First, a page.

Sicily’s volcano Etna, pictured, has been displaying her power this week, both with eruptive activity and an earthquake, centered below the surface of the town of Viagrande on the south slope. Thankfully, the injuries from the quake were limited, and although there was damage to centuries old buildings in the village of Fleri, for example, for the most part, the most casualties of the events have been some shaken spirits.
Many who are unfamiliar with volcanoes may not know that there are different kinds. Etna is not like the most notorious volcanoes known to Americans: Vesuvius and Mount Saint Helen’s, to name two. These explosive, unpredictable volcanoes are known as pyroclastic volcanoes. Set that aside! Etna is different. Unlike a pyroclastic volcano, Etna is always erupting to an extent. She is slow and mostly predictable, and that is a good thing!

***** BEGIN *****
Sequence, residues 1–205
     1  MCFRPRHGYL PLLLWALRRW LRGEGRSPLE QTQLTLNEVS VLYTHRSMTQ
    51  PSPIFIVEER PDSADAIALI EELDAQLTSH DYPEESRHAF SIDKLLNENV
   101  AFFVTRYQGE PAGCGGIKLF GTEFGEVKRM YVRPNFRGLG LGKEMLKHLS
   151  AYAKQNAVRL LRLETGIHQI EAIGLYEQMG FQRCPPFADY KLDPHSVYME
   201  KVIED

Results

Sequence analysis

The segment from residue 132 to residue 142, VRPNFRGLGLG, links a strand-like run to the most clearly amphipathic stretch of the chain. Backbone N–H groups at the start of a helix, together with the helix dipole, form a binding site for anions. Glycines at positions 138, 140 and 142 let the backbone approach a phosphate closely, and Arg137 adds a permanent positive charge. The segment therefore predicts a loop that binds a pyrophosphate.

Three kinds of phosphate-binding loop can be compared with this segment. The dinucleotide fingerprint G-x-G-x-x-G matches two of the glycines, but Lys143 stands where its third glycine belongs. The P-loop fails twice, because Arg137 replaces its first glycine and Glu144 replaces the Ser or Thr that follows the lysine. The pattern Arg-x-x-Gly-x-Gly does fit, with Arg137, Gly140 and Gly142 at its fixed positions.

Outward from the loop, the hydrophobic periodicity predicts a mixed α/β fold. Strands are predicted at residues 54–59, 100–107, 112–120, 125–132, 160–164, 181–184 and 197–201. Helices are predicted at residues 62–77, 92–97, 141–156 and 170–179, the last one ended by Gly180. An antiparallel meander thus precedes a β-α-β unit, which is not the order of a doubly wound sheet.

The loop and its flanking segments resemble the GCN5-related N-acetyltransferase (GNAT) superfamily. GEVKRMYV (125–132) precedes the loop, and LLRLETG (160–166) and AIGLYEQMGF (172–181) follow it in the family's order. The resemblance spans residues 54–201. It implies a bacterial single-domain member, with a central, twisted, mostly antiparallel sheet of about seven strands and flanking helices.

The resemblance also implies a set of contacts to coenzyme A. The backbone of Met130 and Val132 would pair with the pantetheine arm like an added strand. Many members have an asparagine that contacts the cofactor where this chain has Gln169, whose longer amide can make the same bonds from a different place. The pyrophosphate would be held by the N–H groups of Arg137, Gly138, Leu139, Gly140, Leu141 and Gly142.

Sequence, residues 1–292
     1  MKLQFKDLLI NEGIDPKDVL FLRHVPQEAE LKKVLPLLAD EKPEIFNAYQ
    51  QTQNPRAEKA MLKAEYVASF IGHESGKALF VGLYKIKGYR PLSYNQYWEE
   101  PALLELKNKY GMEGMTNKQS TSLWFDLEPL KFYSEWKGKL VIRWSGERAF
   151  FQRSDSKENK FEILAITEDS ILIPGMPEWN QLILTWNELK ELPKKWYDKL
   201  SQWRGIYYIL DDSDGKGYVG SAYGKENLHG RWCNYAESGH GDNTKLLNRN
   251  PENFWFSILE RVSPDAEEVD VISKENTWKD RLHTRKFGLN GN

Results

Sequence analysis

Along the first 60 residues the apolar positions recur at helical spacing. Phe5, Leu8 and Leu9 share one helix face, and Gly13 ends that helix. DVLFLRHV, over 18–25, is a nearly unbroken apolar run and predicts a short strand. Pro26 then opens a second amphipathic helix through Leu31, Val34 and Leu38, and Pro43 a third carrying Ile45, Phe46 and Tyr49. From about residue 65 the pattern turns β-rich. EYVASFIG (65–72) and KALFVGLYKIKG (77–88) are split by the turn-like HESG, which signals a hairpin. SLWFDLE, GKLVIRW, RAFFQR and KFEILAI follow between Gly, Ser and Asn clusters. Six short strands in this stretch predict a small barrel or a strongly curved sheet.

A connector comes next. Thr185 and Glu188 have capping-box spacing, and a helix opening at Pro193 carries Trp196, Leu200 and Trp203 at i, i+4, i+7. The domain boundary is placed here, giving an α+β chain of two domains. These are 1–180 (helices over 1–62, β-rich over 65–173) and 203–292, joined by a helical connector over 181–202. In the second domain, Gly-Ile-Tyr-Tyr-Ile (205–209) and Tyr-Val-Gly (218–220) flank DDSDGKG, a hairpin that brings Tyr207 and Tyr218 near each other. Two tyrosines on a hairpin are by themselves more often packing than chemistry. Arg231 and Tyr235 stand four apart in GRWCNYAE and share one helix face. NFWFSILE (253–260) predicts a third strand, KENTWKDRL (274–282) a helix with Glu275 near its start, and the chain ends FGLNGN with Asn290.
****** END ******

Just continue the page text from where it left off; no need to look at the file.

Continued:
Those who live and work on her slopes know that eruptions, tremors, and earthquakes are part of life. So, as much as it sounds scarey to us, to Sicilians, her recent behavior is expected. This is to say that you should not be dissuaded from traveling to Sicily because of Etna’s activity. In fact, you should be more inspired, because this UNESCO site offers you another dimension to your exploration of the island.
Amunì! (Let’s go!)